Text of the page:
The Supreme Court has now officially overruled Roe v Wade, allowing states to restrict the rights of pregnant people. When was the last time the Supreme Court came to a decision that reduced the rights of the people? Would like both a small example (e.g. the classic "yelling fire in a movie theater") example and a more impactful one (such as Plessy v Ferguson).

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    This is going to be opinion based as you are going to have people disagreeing about the rulings and if they limit civil liberties or not.
    – Joe W
    Commented Jun 24, 2022 at 14:42
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    I would downvote this loaded question if I could. Even though I'm pro-choice, you could easily argue that they were protecting pre-born people's right. Commented Jun 24, 2022 at 14:44
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    Most rulings do both, so it is hard to determine this.
    – Obie 2.0
    Commented Jun 24, 2022 at 14:56
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    I disagree, while you are saying that Roe v Wade is overturning civil liberties others are saying it upholds the civil liberties of unborn children. No matter how you look at it opposing sides of a ruling will see the results in a different light.
    – Joe W
    Commented Jun 24, 2022 at 15:08
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    The subject of "right to abortion" falls under human-rights, but the question asks about "civil liberties of people". Freedom of speech is human rights, while Plessy v Ferguson was civil rights. I think some clarification is in order.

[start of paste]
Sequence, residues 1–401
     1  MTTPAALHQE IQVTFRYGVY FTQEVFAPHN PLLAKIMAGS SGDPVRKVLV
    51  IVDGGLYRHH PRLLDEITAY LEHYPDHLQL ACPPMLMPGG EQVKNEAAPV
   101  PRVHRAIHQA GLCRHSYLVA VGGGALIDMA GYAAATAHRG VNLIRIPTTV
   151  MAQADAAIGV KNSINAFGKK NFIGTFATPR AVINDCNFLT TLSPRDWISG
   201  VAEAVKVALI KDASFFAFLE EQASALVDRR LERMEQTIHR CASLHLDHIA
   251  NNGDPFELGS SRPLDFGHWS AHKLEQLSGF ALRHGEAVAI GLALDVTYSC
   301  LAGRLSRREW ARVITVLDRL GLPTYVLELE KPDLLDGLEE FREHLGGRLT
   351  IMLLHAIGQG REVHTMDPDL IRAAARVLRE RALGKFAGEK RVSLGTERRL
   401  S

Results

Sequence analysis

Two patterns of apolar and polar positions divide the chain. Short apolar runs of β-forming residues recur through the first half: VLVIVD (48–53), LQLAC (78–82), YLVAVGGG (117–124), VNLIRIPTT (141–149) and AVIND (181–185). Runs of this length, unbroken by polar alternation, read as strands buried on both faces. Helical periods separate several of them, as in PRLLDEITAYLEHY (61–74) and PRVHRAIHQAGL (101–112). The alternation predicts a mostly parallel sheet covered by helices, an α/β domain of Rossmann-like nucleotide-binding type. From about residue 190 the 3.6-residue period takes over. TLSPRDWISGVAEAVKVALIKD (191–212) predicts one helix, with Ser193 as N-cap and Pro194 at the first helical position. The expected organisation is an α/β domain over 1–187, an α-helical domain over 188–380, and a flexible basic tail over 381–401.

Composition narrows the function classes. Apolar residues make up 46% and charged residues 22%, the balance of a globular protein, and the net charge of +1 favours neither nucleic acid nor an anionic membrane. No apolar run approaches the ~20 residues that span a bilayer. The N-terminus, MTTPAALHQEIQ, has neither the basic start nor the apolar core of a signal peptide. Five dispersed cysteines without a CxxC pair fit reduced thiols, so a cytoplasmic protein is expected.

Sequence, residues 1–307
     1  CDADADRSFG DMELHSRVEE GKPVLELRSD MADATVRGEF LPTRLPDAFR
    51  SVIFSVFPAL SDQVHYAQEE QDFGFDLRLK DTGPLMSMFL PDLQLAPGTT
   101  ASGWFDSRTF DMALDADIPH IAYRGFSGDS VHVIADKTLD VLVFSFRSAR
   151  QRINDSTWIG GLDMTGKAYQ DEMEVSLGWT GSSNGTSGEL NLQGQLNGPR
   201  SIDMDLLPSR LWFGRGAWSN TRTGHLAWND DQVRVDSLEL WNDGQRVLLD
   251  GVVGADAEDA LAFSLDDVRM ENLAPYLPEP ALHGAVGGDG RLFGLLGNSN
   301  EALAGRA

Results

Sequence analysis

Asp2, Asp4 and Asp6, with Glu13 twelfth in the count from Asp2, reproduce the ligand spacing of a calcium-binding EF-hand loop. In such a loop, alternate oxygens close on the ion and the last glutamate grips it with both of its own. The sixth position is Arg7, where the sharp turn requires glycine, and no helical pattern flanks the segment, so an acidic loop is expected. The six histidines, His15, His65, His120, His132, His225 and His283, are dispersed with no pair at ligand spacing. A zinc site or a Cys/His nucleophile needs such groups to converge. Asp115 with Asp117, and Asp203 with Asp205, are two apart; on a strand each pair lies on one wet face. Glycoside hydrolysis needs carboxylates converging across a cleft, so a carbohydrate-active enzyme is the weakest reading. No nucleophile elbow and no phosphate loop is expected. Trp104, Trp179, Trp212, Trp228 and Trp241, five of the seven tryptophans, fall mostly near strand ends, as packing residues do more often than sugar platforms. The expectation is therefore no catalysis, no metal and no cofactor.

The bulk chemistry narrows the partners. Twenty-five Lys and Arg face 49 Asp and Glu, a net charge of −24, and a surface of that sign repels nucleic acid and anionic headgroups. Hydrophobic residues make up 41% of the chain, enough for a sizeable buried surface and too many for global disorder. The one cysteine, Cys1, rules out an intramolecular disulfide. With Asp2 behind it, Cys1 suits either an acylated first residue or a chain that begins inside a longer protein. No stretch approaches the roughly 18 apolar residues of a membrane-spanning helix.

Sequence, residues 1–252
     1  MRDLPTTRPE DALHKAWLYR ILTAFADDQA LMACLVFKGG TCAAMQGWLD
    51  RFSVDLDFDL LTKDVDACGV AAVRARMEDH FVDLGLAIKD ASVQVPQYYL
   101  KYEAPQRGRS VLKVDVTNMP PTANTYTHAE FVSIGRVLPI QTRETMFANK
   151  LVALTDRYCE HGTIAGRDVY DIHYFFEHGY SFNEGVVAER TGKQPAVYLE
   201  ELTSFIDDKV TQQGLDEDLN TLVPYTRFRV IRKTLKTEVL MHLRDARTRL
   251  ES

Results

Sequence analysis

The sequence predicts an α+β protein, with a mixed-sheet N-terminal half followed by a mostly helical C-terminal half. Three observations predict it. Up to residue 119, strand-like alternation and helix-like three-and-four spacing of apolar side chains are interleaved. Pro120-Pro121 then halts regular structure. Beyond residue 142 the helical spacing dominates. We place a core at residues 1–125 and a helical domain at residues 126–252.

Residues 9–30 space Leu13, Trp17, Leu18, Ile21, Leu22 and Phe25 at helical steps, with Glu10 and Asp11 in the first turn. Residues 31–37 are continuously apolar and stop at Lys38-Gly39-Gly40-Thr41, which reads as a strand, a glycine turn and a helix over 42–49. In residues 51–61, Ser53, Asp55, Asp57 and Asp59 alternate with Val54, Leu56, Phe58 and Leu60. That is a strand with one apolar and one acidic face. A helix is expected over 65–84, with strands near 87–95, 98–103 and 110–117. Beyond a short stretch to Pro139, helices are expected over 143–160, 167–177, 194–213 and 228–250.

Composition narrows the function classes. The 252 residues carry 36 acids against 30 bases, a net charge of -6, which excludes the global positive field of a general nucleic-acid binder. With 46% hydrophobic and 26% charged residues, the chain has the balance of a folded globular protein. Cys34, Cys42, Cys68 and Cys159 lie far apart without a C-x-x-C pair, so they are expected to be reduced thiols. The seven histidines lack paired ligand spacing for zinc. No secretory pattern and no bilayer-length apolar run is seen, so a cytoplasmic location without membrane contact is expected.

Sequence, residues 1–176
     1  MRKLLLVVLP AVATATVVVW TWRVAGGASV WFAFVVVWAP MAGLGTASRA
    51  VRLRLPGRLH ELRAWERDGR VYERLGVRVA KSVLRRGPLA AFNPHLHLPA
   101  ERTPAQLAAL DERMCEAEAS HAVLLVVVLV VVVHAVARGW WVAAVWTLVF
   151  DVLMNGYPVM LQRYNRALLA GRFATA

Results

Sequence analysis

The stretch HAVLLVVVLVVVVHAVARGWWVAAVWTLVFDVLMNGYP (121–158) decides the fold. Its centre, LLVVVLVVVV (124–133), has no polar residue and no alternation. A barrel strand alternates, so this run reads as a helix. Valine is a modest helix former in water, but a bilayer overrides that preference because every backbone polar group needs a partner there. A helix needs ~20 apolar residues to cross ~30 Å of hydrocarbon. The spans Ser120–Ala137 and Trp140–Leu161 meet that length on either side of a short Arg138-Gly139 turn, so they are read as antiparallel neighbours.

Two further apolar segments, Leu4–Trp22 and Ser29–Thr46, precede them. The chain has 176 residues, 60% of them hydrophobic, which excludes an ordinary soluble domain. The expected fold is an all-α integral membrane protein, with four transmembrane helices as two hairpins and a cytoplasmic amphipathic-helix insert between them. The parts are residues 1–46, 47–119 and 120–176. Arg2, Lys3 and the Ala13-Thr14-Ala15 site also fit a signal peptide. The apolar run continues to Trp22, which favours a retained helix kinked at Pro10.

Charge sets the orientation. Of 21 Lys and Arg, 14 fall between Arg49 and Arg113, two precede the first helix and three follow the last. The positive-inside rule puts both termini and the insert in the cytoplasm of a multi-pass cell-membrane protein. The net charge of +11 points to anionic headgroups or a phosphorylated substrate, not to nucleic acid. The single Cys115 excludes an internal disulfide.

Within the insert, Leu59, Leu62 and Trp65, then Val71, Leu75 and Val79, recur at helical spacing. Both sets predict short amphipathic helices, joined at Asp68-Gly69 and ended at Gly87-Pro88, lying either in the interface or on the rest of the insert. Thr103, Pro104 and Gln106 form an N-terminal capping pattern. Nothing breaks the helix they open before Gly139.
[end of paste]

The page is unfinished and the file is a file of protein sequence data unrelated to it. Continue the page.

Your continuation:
– Rick Smith
    Commented Jun 24, 2022 at 15:24

1 Answer 1


[As I had expected someone to have posted something by now, but I see nothing...] "Small examples" aren't going to be hard to find. Morse v. Frederick (2007) limited students' (1st amendment) rights to raise semi-funny "drug talk" posters on the opposite boardwalk of a school-sponsored event. (C-SPAN is usually as boring as it gets but in this case it's a lot more entertaining than Wikipedia's coverage. And "limited" here means that students can be [constitutionally] disciplined by the school, e.g. by suspension, for doing that.)

And since some commenters have dwelled on this: in US legal jargon "civil rights" and "civil liberties" are not synonymous. According to one viewpoint, free speech is a "civil liberty" but not a "civil right" (even though, ironically, some of the former are enumerated in the Bill of Rights.) In that vein, "civil rights" is a narrower notion that prohibits discrimination on a fairly narrow set of characteristics. And other than agreeing that they are not same notion, US legal compedia seem to even disagree what exactly "civil rights" are. On an alternative view, they include civil liberties.

  • Perhaps this isn't what the OP is looking for, but I would think the question is looking for "rights that were clearly and unambiguously recognized before, that were then revoked". Would this fit that, or is this just a refinement/clarification of a right which had never been specified as protecting this particular form of action? Commented Jun 25, 2022 at 14:39
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    @zibadawatimmy: the Q doesn't seem to me to make this narrowing that you see. Commented Jun 25, 2022 at 14:44
  • Out of curiousity, though, would this fit? Commented Jun 25, 2022 at 14:50
  • @zibadawatimmy: I see now that phoog has suggested in a comment (under the Q) that the Q be narrowed to the sense that you see. Commented Jun 25, 2022 at 15:11
  • @zibadawatimmy: Whether prior SCOTUS rulings created an expectation that that action would be constitutional is debatable. The ACLU argued (p.11) that it did so via Terminello (1949 -- a speech that resulted in a street riot was found protected) and Tinker (1969), although the supreme justices ultimately disagreed that Tinker could be interpreted... Commented Jun 25, 2022 at 18:58

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